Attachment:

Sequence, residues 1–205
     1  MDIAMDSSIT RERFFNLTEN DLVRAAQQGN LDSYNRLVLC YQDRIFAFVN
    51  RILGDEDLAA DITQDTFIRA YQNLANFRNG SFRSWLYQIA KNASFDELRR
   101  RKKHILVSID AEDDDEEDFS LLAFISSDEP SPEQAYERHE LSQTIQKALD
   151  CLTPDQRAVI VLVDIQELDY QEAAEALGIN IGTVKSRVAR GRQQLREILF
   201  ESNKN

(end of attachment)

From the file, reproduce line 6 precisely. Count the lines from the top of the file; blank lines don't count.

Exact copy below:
   201  ESNKN